15 June, 2009

Danish cinema: life after Dogma in Buenos Aires

Danish cinema is paying a visit to Buenos Aires, making happy all those Argentineans that really love European movies. The Danish Cinema meeting (Encuentro de Cine DanĂ©s), organized by the Argentinean-Danish Commercial Chamber to show local Dogma fans what’s being produced in Denmark after this so important movement, started on the 5th of June and remains in two cinemas of the city (Leopoldo Lugones and Kino Palais de Glace) until the 22nd, this month.

Lars Andersen, one of the people involved in the organization, answered some question we had about the event, as well as about Danish cinema today and cultural exchanges between Europe and Latin America. Take a look.

What’s the goal behind the Danish film festival that is taking place in Buenos Aires?

Basically we just want to contribute to the cultural life here in Buenos Aires. No big deal. It is good fun doing something that is not that thought out. But then on the other hand, if Danish enterprises can improve their businesses because of this "buena onda", by all means - fine! But there is no cold, cynical strategy behind it all. Just the common notion that culture, the arts, is the backbone of every country’s identity. Once, during the Second World War, the British PM Winston Churchill, was asked by a member of the War Cabinet, if the allocations to the culture should not be reduced in order to strengthen the war effort. Churchill, who by no means was a left wing do-gooder and humanitarian, but a tough, old Conservative, answered: - Gentlemen, if we cut the budget for culture, the arts, then I don’t know what we are fighting for!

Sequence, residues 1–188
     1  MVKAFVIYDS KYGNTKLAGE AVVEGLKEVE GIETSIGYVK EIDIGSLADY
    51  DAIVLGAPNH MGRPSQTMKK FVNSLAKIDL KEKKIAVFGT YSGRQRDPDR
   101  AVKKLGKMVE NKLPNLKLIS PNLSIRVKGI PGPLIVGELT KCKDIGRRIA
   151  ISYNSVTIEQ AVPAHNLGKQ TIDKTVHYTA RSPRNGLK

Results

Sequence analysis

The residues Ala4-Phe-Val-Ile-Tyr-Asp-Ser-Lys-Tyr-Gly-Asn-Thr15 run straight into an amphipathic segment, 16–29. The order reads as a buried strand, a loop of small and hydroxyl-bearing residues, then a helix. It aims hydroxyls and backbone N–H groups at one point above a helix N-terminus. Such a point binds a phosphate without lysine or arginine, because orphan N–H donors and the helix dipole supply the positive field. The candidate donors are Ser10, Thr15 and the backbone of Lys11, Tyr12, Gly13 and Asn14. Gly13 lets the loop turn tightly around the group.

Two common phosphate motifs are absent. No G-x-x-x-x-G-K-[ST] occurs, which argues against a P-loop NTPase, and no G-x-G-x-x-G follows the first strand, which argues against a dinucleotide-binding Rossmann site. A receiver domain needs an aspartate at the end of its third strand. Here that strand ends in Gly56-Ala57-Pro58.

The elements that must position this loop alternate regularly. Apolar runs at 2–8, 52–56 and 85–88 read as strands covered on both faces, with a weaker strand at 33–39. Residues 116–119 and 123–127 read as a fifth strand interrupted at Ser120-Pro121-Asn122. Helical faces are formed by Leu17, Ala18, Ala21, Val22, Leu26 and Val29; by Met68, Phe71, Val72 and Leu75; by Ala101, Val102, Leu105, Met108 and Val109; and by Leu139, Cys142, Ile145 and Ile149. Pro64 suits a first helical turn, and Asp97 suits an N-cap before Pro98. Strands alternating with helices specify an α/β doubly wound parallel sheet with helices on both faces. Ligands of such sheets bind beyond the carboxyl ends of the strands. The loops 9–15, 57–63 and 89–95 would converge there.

Is it possible to talk about a new Danish film movement or are Danish movies today simply heirs of the Dogma 95 in terms of narration and aesthetics?